With the late 19th century luminaries such as Jamgon Kongtrul (1813-1899) and Jamyang Khyentse Wangpo (1820-1892), the Rime or eclectic movement was born in Kham, Eastern Tibet. Sparked by the writings and compilations of these figures, including Kongtrul's Five Treasures, there was the occasion for a re-kindling of interest in the Jonang tradition and zhentong literature. Inspiring many of the great masters from Kham at this time such as Dza Patrul Rinpoche and Jamgon Mipham, the Jonang Kalachakra completion phase practices and distinctive zhentong view gained attention from other traditions as well. Meanwhile this period continued to produce some of the greatest masters of contemporary Jonang thought up through the late 20th century, including Bamda Geleg (1844-1904) and Khenpo Ngawang Lodro Drakpa (1920-1975).

In the 1960's, many of the great living exemplars of the Jonang were forced out of their monasteries, and they fled into the countryside of Amdo where they wandered as nomads or took shelter in caves as yogis. Over the next two decades, the Jonangpa lived without homes in their homeland, gathering during the summer for their annual rains-retreat in order to continue to transmit their lineage. After the Cultural Revolution in 1976, the Jonangpa began returning to their monasteries where they have been rebuilding monasteries and reviving their unique spiritual tradition up to today.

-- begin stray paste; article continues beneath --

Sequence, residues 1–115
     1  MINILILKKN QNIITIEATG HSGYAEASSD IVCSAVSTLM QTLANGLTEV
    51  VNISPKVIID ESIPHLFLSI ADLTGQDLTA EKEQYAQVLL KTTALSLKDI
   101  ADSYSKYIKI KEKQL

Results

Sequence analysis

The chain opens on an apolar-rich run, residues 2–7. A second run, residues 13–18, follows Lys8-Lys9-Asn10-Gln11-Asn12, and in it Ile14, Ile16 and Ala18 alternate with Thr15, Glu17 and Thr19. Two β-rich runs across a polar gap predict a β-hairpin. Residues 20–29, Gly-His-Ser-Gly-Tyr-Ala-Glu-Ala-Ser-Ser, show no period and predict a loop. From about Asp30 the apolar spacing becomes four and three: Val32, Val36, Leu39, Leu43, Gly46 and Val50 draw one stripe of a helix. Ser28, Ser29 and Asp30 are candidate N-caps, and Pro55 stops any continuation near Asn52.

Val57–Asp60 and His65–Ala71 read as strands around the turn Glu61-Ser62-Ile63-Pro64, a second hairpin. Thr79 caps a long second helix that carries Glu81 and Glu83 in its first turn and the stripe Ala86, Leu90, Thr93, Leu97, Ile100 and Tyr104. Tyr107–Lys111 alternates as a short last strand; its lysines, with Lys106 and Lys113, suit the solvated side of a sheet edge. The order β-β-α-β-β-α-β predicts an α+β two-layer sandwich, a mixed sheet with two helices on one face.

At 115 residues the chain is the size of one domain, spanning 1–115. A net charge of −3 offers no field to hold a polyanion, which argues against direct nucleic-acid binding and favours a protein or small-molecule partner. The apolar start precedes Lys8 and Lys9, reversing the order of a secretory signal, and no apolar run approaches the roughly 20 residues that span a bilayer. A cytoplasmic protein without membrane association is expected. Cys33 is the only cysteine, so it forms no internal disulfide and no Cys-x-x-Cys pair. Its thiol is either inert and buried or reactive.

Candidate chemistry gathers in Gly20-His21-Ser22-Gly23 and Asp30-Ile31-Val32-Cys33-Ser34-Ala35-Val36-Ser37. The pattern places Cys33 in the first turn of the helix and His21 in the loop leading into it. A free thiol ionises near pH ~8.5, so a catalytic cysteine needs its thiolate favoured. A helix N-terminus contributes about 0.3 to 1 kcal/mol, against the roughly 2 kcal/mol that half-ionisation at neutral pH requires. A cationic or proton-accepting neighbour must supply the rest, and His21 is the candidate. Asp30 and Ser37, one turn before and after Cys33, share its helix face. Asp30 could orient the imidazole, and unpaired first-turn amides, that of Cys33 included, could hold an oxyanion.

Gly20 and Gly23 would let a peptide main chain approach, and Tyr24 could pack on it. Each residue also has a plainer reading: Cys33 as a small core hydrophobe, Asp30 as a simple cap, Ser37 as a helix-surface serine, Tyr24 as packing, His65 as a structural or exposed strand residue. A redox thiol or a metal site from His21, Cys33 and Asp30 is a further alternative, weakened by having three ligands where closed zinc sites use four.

The Jonang (Tibetan: ཇོ་ནང, Wylie: Jo-nang, ZYPY: Qonang; Chinese: 觉囊) is one of the schools of Tibetan Buddhism. Its origins in Tibet can be traced to early 12th century master Yumo Mikyo Dorje, but became much wider known with the help of Dolpopa Sherab Gyeltsen, a monk originally trained in the Sakya school. The Jonang school was widely thought to have become extinct in the late 17th century at the hands of the Fifth Dalai Lama who forcibly annexed the Jonang monasteries to his Gelug school, declaring them heretical. Recently, however, it was discovered that some remote Jonang monasteries escaped this fate and have continued practicing uninterrupted to this day. According to Gruschke, an estimated 5,000 monks and nuns of the Jonang tradition practice today in areas at the edge of historic Gelug influence.